Slonimski, ḥayyim Selig
SLONIMSKI, ḤAYYIM SELIG
SLONIMSKI, ḤAYYIM SELIG (1810–1904), Hebrew popular science writer and editor. He also used the pseudonym Ḥazas (the Hebrew initials of his name). Born in Bialystok, he wrote popular science articles during the Haskalah period. His initial acquaintance with science was derived from old Hebrew books, but later he also read scientific literature in German. In 1834, he published the first part of his mathematics textbook entitled Mosedei Ḥokhmah ("Bases of Wisdom"). Halley's Comet appeared in the following year, and Slonimski wrote a popular work on astronomy, Kokhva de-Shavit ("Comet," 1835, 18572). He wrote another book on the same subject entitled Toledot ha-Shamayim ("The History of the Skies," 1838, 18662), which caused great controversy, because it demonstrated errors in the Hebrew calendar. Slonimski also explained his views on the Hebrew calendar in Yesodei ha-Ibbur ("Basic Intercalation," 1852, one part only; completed in 1853, 18833). His later works include Meẓi'ut ha-Nefesh ve-Kiyyumah Ḥuẓ la-Guf ("The Existence of the Soul and its Life Outside the Body," 1852), and Yesodei Ḥokhmat ha-Shi'ur ("Foundations of the Science of Calculation," 1865, 18992). Slonimski coined new Hebrew terminology where necessary. Some of his mathematical and astronomical interpretations of obscure passages in the Mishnah found their way into editions of the Mishnah printed in Zhitomir.
Slonimski was also an inventor. Among his inventions was a calculating machine, for which he was awarded a prize by the Russian Academy of Sciences (1844). In 1862, Slonimski founded *Ha-Ẓefirah, a Hebrew newspaper devoted mainly to popular science articles written by himself and a team of collaborators, adherents of the Haskalah. The paper ceased publication after only a few months, upon Slonimski's appointment as inspector of the Government Rabbinical Seminary in Zhitomir and Hebrew censor for South Russia. In 1874, when the Seminary was closed down, he renewed publication of Ha-Ẓefirah, first in Berlin and, from 1875, in Warsaw. The periodical was edited in the moderate spirit of the Haskalah, avoiding conflicts with the Orthodox by presenting scientific innovations in a manner acceptable to them.
In 1884, Slonimski's disciples and admirers celebrated the 50th anniversary of his literary career, and two collections of his articles appeared under the title Ma'amarei Ḥokhmah ("Essays of Wisdom," 1891–94). In 1886, when Ha-Ẓefirah began appearing daily, Nahum *Sokolow joined the editorial board and, in effect, took over the editorship, though Slonimski continued to contribute articles. A list of his articles appeared in Ha-Ẓefirah, 14:91 (1887), 5–6. Slonimski's son Leonid *Slonimski converted to Christianity. Many of his grandchildren achieved distinction. Antoni *Slonimski, son of Stanislaw, was a well-known Polish poet; Alexander, a literary critic, Mikhail *Slonimski, a writer, Nicolas, a composer, and Henry *Slonimsky, a scholar.
Klausner, Sifrut, 4 (1953), 123–5, 130–1; Akavia, in: Davar Yearbook (Heb., 1955), 387–96; Kressel, Leksikon, 2 (1967), 504–7; Kol Kitvei Frishman, 2 (1920), 21–27; N. Sokolow, Ishim (1958), 135–52; Waxman, Literature, 3 (1960), 331, 345; 4 (1960), 437.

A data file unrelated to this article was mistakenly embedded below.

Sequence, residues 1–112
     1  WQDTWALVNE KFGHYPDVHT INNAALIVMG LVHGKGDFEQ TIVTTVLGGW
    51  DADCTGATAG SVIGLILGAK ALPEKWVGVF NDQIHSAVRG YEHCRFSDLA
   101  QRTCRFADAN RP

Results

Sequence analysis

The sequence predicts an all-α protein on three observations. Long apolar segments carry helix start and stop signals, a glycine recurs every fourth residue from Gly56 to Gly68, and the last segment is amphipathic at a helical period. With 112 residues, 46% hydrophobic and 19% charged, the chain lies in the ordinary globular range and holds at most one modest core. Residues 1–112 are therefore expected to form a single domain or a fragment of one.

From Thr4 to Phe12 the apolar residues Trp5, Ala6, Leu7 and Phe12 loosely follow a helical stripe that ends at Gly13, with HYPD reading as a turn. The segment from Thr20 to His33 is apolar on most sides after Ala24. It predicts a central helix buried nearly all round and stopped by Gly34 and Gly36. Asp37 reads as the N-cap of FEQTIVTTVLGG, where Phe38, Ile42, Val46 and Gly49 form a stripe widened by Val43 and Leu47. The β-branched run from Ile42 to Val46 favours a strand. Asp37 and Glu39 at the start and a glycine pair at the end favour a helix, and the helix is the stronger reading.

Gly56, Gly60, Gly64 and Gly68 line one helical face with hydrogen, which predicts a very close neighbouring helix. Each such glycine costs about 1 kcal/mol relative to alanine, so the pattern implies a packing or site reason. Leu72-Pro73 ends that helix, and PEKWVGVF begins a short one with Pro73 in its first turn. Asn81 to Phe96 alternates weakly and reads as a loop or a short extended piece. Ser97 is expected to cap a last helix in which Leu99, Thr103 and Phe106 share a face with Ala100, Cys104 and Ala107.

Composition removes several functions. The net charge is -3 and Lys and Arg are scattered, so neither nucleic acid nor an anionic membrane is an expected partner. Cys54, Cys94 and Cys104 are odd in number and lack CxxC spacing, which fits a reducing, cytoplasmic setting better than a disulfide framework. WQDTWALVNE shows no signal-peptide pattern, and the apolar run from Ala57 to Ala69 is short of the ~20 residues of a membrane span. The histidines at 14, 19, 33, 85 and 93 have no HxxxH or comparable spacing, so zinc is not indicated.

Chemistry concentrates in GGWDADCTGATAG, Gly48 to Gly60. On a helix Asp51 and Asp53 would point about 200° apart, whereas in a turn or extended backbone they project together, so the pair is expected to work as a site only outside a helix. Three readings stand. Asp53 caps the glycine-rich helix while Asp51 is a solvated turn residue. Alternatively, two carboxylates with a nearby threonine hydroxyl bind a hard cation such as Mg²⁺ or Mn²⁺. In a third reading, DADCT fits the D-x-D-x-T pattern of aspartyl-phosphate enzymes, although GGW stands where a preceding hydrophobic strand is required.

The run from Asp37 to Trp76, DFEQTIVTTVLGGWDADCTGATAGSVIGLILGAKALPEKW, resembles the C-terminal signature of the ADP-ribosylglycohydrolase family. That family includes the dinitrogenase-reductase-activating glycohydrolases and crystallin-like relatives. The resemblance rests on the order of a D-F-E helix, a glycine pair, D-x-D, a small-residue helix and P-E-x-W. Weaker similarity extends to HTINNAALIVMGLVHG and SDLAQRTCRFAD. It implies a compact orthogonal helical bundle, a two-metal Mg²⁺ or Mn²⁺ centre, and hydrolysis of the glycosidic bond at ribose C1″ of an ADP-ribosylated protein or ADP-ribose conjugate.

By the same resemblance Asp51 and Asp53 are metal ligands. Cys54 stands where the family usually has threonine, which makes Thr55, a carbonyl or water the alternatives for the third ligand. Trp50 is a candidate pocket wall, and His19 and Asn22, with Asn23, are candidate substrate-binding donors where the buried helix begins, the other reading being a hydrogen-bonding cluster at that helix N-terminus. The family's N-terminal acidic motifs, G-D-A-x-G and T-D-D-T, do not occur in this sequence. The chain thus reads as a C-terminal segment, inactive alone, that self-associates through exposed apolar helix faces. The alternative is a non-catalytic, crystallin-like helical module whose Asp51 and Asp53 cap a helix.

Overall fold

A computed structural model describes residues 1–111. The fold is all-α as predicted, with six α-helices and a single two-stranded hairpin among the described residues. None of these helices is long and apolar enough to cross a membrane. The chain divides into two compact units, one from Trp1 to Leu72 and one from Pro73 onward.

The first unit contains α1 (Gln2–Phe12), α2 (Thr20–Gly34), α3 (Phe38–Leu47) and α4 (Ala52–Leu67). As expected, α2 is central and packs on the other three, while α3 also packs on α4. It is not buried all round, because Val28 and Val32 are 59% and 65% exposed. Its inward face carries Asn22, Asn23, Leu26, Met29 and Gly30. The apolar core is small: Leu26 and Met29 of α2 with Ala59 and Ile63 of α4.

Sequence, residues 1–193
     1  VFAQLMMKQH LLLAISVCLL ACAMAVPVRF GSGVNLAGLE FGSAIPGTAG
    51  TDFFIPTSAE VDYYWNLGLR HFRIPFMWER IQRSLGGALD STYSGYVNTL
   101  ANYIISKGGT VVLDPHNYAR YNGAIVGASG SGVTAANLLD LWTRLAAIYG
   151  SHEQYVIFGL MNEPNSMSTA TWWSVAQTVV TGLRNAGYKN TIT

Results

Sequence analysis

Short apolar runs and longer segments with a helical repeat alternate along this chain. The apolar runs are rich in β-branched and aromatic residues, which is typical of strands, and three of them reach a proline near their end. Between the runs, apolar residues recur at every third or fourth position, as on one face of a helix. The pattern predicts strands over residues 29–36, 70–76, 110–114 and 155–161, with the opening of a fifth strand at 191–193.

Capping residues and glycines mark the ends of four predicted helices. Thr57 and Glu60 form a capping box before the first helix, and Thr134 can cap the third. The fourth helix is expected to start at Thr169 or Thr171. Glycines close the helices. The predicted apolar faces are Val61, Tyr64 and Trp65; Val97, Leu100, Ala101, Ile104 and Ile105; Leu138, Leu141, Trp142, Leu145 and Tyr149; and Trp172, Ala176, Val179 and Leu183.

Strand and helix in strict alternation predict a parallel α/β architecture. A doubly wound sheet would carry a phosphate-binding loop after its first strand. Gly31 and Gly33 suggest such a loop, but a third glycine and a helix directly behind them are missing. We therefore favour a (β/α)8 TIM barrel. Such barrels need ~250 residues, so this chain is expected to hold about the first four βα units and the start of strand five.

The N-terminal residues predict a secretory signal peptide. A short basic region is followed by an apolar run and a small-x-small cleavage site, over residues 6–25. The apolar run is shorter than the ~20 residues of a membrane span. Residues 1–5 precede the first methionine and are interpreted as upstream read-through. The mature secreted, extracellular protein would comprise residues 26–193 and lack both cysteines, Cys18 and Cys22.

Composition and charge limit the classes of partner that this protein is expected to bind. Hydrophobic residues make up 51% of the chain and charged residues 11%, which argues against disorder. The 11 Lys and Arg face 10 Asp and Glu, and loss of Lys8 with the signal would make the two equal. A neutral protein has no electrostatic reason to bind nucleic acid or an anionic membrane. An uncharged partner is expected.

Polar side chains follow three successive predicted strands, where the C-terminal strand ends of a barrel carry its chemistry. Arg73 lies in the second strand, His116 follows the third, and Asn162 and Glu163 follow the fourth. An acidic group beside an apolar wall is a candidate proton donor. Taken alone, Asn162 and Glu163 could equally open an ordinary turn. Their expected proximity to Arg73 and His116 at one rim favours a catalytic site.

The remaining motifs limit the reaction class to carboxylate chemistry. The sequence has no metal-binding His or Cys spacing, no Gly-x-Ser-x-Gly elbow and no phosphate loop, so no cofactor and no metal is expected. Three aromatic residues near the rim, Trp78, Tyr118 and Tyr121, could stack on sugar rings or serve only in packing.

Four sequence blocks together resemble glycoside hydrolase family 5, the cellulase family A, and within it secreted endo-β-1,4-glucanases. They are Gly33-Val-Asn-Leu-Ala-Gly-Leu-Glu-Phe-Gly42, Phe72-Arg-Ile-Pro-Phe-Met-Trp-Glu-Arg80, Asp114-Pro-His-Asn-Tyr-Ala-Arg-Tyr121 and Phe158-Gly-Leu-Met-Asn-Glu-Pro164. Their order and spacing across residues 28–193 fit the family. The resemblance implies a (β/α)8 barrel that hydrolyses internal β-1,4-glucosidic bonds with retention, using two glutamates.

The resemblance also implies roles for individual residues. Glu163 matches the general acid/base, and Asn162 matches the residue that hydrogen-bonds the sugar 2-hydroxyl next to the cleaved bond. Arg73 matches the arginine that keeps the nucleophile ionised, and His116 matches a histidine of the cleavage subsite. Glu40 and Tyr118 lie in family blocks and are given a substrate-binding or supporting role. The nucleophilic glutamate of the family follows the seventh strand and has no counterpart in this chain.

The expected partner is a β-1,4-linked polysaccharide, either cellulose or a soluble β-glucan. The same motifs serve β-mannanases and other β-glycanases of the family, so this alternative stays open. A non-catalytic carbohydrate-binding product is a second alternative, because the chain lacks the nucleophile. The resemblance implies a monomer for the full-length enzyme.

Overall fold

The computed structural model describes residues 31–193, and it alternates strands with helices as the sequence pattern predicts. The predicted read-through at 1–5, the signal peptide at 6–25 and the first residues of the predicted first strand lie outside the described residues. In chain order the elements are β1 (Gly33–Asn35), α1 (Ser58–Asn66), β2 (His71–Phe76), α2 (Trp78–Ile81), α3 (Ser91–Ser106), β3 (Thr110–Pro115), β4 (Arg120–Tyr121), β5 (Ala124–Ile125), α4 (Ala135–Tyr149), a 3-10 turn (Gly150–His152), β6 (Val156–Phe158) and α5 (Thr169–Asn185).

"Slonimski, ḥayyim Selig." Encyclopaedia Judaica. . Encyclopedia.com. (February 19, 2019). https://www.encyclopedia.com/religion/encyclopedias-almanacs-transcripts-and-maps/slonimski-hayyim-selig
"Slonimski, ḥayyim Selig." Encyclopaedia Judaica. . Retrieved February 19, 2019 from Encyclopedia.com: https://www.encyclopedia.com/religion/encyclopedias-almanacs-transcripts-and-maps/slonimski-hayyim-selig
Encyclopedia.com gives you the ability to cite reference entries and articles according to common styles from the Modern Language Association (MLA), The Chicago Manual of Style, and the American Psychological Association (APA).
Within the “Cite this article” tool, pick a style to see how all available information looks when formatted according to that style. Then, copy and paste the text into your bibliography or works cited list.
Because each style has its own formatting nuances that evolve over time and not all information is available for every reference entry or article, Encyclopedia.com cannot guarantee each citation it generates. Therefore, it’s best to use Encyclopedia.com citations as a starting point before checking the style against your school or publication’s requirements and the most-recent information available at these sites:
Modern Language Association
The Chicago Manual of Style
American Psychological Association
- Most online reference entries and articles do not have page numbers. Therefore, that information is unavailable for most Encyclopedia.com content. However, the date of retrieval is often important. Refer to each style’s convention regarding the best way to format page numbers and retrieval dates.
- In addition to the MLA, Chicago, and APA styles, your school, university, publication, or institution may have its own requirements for citations. Therefore, be sure to refer to those guidelines when editing your bibliography or works cited list.